Predicting the global optimum

When fitting the curve E = E0 + β on our data points we used the Numerical Recipes implementation73 of the Levenberg–Marquardt nonlinear curve fitting method74,75. This implementation has some weaknesses, one could choose to use other implementations or other methods. Sometimes a three-parameter fitting is too sensitive and does not give good results. Because we do not need a very precise value for E0 (we just need to find the integer interval it falls into, because \(E_{{\mathrm{min}}}^{{\mathrm{pred}}} = [E_0] + 1\), [.] meaning the integer part) we perform a series of fittings always fixing E0 and leaving only 2 unknown parameters (a, β). For each E0 = \(\overline E ,\overline E - 0.1,\overline E - 0.2, \ldots .\) we then perform a fitting and check the χ2 error. The fitting with minimal error is chosen as the final E0 and final fitted curve.

Additional stopping conditions

There are cases usually for easy problems, when the fitting using the form (5) does not work well, but based on certain simple conditions we can trust that the global optimum has been found. For example, if there aren’t enough (e.g., less than 5) data points in the κ(E) curve fitted (this partly explains why the fitting does not give good prediction), but the lowest energy has already been found many times (\(n\left( {\overline E } \right) > n_{{\mathrm{max}}}\), e.g., nmax = 1000). This happens for very easy problems. Or, if the fitting is consistently predicting another \(E_{{\mathrm{min}}}^{{\mathrm{pred}}} \ne \overline E\), but \(n\left( {\overline E } \right)\) is very large and \({\mathrm{\Gamma }} > {\mathrm{\Gamma }}^{{\mathrm{pred}}}\left( {\overline E - 1} \right)\), so according to the dynamics, it seems a lower energy should have been found already.

In such cases we exit the algorithm (Step 7) with the decision: \(\overline E \ne E_{{\mathrm{min}}}^{{\mathrm{pred}}}\), \(E_{{\mathrm{min}}}^{{\mathrm{dec}}} = \overline E\).

Circulant matrices for the Ramsey number problem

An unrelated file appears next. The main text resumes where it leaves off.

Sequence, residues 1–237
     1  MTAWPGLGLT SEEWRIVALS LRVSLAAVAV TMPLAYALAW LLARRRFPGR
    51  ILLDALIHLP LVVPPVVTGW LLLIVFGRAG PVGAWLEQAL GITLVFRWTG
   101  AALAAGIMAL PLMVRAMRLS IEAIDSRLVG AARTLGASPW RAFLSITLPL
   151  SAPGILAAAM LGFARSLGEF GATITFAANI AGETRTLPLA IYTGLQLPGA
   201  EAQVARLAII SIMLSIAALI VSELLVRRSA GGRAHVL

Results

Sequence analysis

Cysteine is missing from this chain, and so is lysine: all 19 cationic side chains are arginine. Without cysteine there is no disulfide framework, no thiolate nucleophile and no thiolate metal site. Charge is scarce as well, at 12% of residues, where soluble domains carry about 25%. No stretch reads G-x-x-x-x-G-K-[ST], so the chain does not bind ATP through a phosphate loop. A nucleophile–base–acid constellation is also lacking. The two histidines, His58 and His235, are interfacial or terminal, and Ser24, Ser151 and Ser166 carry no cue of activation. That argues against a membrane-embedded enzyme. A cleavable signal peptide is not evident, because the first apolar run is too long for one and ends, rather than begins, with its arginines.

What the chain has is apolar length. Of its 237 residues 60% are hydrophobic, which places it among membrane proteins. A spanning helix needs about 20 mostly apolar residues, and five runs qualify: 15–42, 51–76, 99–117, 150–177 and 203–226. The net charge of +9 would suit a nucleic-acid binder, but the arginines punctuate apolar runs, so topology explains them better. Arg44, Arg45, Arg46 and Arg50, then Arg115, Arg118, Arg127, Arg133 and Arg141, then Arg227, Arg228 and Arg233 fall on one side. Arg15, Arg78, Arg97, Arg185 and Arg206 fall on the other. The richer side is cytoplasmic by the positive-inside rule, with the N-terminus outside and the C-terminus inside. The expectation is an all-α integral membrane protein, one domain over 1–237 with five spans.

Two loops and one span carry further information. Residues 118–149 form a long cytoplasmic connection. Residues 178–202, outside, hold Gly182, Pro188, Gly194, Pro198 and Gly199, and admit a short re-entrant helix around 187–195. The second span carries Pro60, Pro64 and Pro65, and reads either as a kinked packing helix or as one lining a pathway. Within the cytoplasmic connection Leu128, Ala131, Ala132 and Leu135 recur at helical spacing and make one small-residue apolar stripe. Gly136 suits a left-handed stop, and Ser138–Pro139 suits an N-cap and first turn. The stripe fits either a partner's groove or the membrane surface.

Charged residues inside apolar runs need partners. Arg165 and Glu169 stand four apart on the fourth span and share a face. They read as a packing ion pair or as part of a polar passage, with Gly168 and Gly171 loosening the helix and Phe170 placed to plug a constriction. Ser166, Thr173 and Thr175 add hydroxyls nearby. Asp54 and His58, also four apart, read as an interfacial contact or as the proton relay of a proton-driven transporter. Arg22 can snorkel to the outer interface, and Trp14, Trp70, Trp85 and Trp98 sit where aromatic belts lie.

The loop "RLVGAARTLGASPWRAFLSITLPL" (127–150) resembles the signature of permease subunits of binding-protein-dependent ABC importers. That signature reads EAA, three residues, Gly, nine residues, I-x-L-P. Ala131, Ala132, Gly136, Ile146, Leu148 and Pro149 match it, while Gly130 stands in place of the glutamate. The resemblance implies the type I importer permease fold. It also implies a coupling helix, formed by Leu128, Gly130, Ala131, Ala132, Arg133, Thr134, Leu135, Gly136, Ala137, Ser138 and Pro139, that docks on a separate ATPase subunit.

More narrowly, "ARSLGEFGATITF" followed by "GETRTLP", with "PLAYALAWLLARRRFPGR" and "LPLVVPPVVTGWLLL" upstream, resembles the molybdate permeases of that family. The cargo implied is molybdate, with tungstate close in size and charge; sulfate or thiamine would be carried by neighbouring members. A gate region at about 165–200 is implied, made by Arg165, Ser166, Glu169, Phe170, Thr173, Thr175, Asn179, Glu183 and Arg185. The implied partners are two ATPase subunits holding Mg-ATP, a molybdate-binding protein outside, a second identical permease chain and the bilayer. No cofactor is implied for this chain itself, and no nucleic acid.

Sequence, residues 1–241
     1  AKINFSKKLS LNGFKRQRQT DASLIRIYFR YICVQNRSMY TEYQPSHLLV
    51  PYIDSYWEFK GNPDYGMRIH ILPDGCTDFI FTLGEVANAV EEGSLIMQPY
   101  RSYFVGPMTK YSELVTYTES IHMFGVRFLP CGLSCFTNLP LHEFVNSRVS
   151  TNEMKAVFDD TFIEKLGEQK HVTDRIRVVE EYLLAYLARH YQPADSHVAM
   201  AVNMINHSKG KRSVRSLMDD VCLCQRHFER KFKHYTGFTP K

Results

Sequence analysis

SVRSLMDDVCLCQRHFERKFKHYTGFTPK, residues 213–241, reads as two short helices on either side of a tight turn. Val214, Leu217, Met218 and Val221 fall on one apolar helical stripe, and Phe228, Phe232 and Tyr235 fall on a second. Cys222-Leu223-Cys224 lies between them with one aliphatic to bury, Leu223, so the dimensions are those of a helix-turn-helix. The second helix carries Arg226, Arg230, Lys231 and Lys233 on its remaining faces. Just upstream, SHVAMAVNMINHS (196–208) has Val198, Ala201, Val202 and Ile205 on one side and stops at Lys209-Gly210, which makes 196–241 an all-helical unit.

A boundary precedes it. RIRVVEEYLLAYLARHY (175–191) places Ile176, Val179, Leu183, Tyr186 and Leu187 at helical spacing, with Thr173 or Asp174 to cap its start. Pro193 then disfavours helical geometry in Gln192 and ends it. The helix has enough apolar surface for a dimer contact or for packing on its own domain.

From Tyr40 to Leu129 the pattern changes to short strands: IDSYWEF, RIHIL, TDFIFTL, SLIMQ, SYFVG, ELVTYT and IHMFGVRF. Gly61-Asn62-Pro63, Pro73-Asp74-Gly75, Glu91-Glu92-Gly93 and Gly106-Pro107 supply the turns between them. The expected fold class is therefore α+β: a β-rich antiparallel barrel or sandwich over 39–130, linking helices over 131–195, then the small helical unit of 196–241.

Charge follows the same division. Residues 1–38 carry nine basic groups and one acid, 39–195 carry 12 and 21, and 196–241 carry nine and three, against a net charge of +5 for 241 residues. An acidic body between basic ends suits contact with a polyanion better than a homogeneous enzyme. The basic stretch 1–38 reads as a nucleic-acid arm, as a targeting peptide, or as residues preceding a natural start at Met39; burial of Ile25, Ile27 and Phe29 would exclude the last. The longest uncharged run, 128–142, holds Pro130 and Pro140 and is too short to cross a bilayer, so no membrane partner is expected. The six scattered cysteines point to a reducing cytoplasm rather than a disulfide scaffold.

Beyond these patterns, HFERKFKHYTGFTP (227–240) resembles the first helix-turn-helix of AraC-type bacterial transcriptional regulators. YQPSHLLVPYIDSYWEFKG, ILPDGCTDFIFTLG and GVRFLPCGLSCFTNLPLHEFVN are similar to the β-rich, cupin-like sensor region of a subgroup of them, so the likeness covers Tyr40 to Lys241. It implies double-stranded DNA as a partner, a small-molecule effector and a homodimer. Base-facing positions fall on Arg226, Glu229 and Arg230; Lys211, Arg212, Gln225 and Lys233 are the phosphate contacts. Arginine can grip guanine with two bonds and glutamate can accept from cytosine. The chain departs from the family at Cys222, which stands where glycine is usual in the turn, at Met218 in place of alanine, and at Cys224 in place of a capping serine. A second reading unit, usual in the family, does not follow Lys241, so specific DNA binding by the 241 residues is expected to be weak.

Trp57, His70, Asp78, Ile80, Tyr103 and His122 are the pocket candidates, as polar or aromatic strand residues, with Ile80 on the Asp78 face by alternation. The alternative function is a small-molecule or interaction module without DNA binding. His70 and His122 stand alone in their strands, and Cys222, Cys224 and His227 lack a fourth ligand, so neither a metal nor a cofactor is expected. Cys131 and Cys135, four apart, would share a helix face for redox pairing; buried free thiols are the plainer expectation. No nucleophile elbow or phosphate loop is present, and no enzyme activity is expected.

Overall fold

Kalbfleisch69 argued that there should be coloring solutions of complete graphs for the Ramsey problem that can be described with a circulant form adjacency matrix (e.g., all red edges are 0-s, blue edges are 1-s in this matrix), or matrices that are close to such a circulant form. Although there is no formal proof of this statement, one expects this to be true also from the SAT formulation of the Ramsey problem. In the SAT formulation, the clauses have a very high degree of symmetry: all variables participate in the same way (4) in all the clauses, which run over all the possible m-cliques. This observation on symmetry can be exploited, allowing us to do part of the search in a much smaller space than the original space, where all the variables could in principle change independently from one another. More precisely, we first define a MaxSAT problem which has only N − 1 variables (instead of the full N(N − 1)/2 by choosing, e.g., those associated with the links of the first node: x1 = a1,2, x2 = a1,3, …, xN−1 = a1,N as problem variables (here ai,j denotes the adjacency matrix) and defining the variables of the links of the other nodes by the circular permutation of this vector x, to obtain a circulant matrix (e.g., a2,3 = a1,2, ai,j = ai−1,j−1). Taking the SAT form of the Ramsey problem we replace the variable of a link ai,j with xji, thus reducing the number of independent variables from N(N − 1)/2 to N − 1. The number of clauses will also be reduced, because we can now eliminate the repeated ones. This way we obtain a much smaller MaxSAT problem, on which we apply our solver, and starting from random initial conditions we search for low-energy states, which are relatively easily found. We save the x vectors (the Boolean values) corresponding to such low-energy circulant matrix states. For N = 42 we have found circulant type matrices having only 6, 14, 20, 26, etc. monochromatic 5-cliques, indicating that they may already be close to a solution. After saving these circulant matrix states (with small number of monochromatic 5-cliques) we return to the original 10-SAT problem (with N(N − 1)/2 variables, without the symmetry constraint), and start a new trajectory from the corner of the hypercube corresponding to the saved matrix state, but now without symmetry restriction.